Tuesday, November 24, 2009

Poetry, Criticism and Honesty

I have been getting a lot of feedback on my poetry in the past couple of weeks. I'm surprised with a lot of the responses. Mostly because I am not a good judge of my own work; a lot of people aren't apparently. But one thing in particular people have said is that I'm brave.

Let me clarify: I'm not brave. I'm a coward. Journalists who go to war-zones are brave. Women giving birth are brave. Children trying something for the first time, that's brave. Me and my little words on a page are really not brave.

I don't mean to diminish the things I'm saying. I have some interesting new ideas I'm working with regarding mental illness and the creative mind. I'm revealing secrets, which is exciting, but I don't know if it's brave. I also know what people are saying. They are saying that because I'm being open and honest with feelings and facing the things people shy away from, that this somehow makes me brave. For me, not facing my feelings is not an option. I also prefer being open to a fault. Sometimes I really kill good moments with a blurted-out obvious comment.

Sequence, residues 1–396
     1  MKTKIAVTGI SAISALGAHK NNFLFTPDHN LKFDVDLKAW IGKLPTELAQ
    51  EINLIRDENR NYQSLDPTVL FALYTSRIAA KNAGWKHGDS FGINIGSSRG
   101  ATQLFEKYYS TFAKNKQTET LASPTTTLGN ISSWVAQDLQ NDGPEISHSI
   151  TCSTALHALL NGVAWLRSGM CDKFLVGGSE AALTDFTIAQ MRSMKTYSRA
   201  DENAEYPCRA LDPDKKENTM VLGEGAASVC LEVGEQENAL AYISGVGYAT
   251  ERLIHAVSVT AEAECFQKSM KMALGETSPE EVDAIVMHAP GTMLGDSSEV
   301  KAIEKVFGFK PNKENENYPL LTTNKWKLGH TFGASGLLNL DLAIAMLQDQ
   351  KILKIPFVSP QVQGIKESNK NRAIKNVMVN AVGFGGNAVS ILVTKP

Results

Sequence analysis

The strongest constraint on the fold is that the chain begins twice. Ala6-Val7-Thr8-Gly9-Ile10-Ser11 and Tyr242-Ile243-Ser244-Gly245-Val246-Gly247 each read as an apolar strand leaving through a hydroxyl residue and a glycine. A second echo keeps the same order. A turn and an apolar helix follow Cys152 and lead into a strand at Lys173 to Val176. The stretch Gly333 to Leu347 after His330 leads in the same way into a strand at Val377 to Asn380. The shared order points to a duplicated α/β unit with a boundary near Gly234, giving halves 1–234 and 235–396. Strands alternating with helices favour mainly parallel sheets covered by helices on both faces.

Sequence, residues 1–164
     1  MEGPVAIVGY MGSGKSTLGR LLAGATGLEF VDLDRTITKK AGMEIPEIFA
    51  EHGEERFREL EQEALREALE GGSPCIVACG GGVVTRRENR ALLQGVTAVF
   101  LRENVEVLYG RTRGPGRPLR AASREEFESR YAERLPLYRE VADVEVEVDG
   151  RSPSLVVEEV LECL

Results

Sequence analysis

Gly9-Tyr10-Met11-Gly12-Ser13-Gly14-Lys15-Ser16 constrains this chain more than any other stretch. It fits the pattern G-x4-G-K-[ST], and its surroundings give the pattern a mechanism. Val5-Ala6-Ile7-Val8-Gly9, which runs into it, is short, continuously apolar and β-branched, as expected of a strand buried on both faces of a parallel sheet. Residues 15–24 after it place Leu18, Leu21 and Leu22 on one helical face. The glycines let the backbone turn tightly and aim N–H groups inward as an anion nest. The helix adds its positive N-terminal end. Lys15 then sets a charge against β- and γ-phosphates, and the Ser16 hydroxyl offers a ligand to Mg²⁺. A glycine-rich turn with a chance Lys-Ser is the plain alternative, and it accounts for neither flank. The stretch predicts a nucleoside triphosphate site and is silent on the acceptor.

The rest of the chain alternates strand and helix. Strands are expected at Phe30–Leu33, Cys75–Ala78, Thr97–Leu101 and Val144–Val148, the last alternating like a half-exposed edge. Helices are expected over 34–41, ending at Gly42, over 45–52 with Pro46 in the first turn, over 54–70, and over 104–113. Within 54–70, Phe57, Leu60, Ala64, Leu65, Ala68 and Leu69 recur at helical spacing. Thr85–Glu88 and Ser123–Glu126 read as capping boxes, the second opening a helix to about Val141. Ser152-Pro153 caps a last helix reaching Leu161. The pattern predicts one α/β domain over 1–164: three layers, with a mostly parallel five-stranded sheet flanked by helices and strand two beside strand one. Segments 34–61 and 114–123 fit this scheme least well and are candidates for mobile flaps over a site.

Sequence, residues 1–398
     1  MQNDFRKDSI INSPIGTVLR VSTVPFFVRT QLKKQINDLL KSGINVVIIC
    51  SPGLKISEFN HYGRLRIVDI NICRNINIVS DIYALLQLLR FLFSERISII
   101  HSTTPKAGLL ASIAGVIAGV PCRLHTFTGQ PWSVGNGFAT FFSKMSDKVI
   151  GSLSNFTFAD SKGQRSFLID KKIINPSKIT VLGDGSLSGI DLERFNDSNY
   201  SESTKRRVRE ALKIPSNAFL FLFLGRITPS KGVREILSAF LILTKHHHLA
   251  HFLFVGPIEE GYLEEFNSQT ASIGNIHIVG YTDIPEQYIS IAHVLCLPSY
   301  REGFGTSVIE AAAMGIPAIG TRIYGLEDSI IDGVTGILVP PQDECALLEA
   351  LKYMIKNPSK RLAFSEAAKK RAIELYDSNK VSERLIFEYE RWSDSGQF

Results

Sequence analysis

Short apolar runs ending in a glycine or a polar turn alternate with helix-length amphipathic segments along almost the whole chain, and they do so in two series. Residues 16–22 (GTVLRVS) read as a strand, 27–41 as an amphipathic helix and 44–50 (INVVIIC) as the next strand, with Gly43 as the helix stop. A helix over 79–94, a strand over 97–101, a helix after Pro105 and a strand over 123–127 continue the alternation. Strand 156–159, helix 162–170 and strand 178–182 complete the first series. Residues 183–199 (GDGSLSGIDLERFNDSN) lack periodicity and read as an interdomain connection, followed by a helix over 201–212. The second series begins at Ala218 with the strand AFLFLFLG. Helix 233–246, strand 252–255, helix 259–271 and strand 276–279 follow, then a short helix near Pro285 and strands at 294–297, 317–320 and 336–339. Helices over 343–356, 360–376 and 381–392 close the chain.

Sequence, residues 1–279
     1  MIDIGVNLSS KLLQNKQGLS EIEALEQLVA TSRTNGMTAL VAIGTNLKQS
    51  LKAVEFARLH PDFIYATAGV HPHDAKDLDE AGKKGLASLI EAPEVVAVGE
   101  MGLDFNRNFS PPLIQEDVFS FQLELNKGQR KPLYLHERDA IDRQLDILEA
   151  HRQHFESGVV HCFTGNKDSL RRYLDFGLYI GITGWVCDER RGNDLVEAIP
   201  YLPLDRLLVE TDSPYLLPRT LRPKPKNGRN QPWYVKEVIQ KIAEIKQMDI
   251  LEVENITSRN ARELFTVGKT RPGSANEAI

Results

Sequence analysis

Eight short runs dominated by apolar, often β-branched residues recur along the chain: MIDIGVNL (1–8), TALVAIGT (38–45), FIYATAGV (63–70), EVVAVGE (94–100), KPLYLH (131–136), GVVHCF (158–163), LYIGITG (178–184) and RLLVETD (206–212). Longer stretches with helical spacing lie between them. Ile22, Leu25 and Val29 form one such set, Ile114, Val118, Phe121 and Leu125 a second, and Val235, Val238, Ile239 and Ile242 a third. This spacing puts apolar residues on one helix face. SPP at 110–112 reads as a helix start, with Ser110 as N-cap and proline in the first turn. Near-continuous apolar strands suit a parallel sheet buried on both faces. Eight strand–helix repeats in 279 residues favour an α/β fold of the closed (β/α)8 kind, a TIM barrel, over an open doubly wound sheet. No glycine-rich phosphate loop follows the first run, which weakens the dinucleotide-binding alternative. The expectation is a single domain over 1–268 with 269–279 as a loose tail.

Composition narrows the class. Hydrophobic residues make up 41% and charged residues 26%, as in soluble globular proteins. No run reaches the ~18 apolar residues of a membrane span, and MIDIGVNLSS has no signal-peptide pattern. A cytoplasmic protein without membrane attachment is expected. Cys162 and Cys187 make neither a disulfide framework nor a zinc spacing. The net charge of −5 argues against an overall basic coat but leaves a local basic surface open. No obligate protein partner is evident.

On another note regarding feedback: I get a lot of energy when people tell me what they like about my poetry. Getting compliments just makes me soar. However, when I get harsher criticism I swing the other way completely. I feel almost sick. I begin to doubt myself and it really stifles my writing.

A good friend of mine says he prefers harsher feedback because he feels like it will make him a better writer. I clearly don't react the same way. Perhaps different people just prefer different styles of feedback. But I also want to know if something just isn't working at all. Just let me down easy maybe? I wish I wasn't so sensitive about this.

I also think that at some point you have to stop accepting criticism about a poem. You have to decide that as a poet, you have done your best work and that you have a vision and you believe in it. Or that you know you need to scrap the whole damn thing and start again. Sometimes you might need to just take the poem, light it on fire, bury the ashes and grown a new poem from that earth. But we need to trust ourselves as artists. I think that knowing yourself, believing in your vision and deciding that your work is worth the effort can be the most difficult battle.
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